grievances and the separatist conflict. They will talk about the
atrocities committed against the Tamils but not those committed by their
fellow members against innocent Sinhalese civilians. Planned attacks
against the opponents are not crimes but any retaliatory attacks are
serious offences. An inhuman act allegedly carried out by a member is
ignored when he remains in the movement but after he has deserted it, he
is accused of being responsible for the same punishable act. One has to be
seen as a follower of the faith to be considered as a Tamil. In short,
they cannot look at the happenings with an open mind. There is good reason
to believe the proportion of cult followers is high amongst the Diaspora.
People who are enduring the agony of no peace and no freedom in the mother
land will want a pragmatic solution to the problem.

According to Shanie (The Island Columnist), the Tamil Diaspora's readiness
to believe disinformation is due to two reasons. One is that they have no
access or are not willing to obtain access to alternate sources of
information. Another reason is the indiscriminate and inappropriate
response of the security forces to LTTE brutality. Indiscriminate bombing
and shelling is a godsend to the LTTE. There are in fact other reasons too
which the columnist has failed to mention. Additionally, in many cases
ingrained prejudice from past experiences is compelling them to think the
Sinhalese and not the Tamils are responsible for all the dastardly acts!
Generalization based on few bad cases is also evident. The imagined or
self-satisfying thinking is also contributing to the wrong conclusion.

Cultism encouraged by default

Despite the known problems in negotiating with the LTTE on the main issue
of a separate independent state, which as mentioned earlier is an article
of faith founded on hate, distrust and prejudice promoted by the repeated
failures of governments to implement policies for uniting the divided
communities and sharing power with the minority communities. This required
significant changes to the present constitution. Attempts made by former
President Chandrika Kumaratunga between 1995 and 2000 to devolve powers to
the regions failed because of the damaging competitive party politics. The
bipartisan approach to the resolution of national problems is alien to Sri
Lankas political culture. The mutual support for the extreme positions of
the Sinhala and Tamil nationalists has increased recently. This
development helps the extremists to obstruct any sensible political
settlement that is inconsistent with their rigid positions.

The present confusion seen from the utterances of government leaders on
their approach to conflict resolution is due to either their reluctance to
accept the true nature of the armed conflict or knowing the difficulties
in negotiating with the Tigers, they still want to negotiate in order to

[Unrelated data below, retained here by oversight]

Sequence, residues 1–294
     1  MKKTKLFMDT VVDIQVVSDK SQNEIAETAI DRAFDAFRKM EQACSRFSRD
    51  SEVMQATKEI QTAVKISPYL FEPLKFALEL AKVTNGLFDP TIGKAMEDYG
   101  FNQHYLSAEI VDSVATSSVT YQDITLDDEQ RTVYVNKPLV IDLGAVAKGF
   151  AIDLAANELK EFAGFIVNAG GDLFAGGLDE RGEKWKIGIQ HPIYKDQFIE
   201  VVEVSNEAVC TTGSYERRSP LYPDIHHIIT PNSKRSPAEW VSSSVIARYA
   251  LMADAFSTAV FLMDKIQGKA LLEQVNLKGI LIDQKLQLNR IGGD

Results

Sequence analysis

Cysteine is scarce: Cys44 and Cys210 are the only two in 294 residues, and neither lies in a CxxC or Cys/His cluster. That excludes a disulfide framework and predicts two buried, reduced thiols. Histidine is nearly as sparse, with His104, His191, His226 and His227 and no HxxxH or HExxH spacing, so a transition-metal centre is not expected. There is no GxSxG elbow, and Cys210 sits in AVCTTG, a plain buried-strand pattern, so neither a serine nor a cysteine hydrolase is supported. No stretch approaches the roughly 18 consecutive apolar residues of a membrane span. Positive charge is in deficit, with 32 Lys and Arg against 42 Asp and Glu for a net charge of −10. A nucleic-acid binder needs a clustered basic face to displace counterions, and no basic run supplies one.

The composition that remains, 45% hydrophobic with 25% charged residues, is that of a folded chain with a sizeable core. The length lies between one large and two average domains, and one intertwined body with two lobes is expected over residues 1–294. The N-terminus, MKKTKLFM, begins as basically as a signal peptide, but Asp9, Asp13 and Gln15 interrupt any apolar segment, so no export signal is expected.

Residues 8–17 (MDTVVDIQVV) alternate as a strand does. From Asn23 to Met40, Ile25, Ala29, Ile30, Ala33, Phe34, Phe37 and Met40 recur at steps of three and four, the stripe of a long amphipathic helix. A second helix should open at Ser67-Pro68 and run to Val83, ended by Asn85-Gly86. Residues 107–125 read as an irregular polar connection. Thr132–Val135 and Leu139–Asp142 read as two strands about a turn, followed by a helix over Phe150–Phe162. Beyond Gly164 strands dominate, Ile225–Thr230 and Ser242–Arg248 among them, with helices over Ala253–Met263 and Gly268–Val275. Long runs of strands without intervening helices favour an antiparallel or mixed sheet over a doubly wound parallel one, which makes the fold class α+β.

dodge making any bold moves to settle the ethnic problem. This national
problem is not the chief concern of the Tigers but a valuable tool for
achieving their goal. Thus, the effective way for the government to stop
encouraging cultism is to get rid of the conditions that led to its
emergence. Constitutional reform for maximum devolution as promised by the
President is no doubt necessary but the actions to convince the people of
a better future in a united Sri Lanka need not wait until such time.

Unable or unwilling to take quick action to change the present structure
of the State, the government is trying to mark time by making utterances
about its intended efforts to settle the conflict peacefully. The
appointment of the Advisory Committee to assist the All Party Conference
(APC) is also intended to demonstrate the governments commitment to
political settlement. Since it has not disclosed its road map to peace and
the nature of the political system being sought to secure lasting peace,
there is the feeling the present government too is going to make the same
mistakes of past governments. This will certainly strengthen the reason
currently being advanced by the LTTE supporters for separation.

A recent statement from the government Peace Secretariat said it wants to
engage the LTTE in talks so as to address the root causes of the conflict
that may have contributed to it to take to arms and the path of terrorism.
The lack of understanding of the cultic nature of the conflict is clearly
evident. Independent Tamil Eelam is an article of faith and what happened
in the past is history to the advocates. The head of the Peace
Secretariat, Dr. Palitha Kohona was even certain that the government would
get the LTTE involved in the process of drafting a new constitution. It is
difficult to believe such statements are made because of the failure to
understand fully the nature of the armed conflict against the State. On
the other hand if these are made for tactical reasons, then the
effectiveness is zero.

The following statements made recently by ministers indicate the
prevailing confusion over the approach to political settlement and lasting
peace. Leader of the House and Senior Minister Nimal Siripala de Silva
told Parliament on June 21 that a final solution to the national question
has to be reached between the two parties at the negotiation table and
therefore it is still premature for them to lay down the structure of it.
With regard to devolution Minister de Silva said that the final solution
would be a power devolution arrangement to be agreed upon by the parties
involved in the conflict, depending on the deciding factors such as the
degree of power to be devolved, and the geographical location etc. It is,
therefore, premature to reveal it right now. The government was being
asked what its solution was going to be when peace talks resumed but the
LTTE itself had not so far informed the government what they seek as a
solution to the conflict, he told Parliament! This clearly shows that the
government is waiting for the LTTE to negotiate with the government a
political settlement on the basis of what they want as a basis for final
settlement. LTTEs ISGA proposal gives an idea of their preferred basis for
negotiations. If this is the approach to end the conflict, the people
longing for peace will have to wait for many more years. In the mean time
the cult movement would have grown and its aim would have got firmly fixed
in the minds of the followers.

Foreign Minister Mangala Samaraweera, addressing the Standing Committee on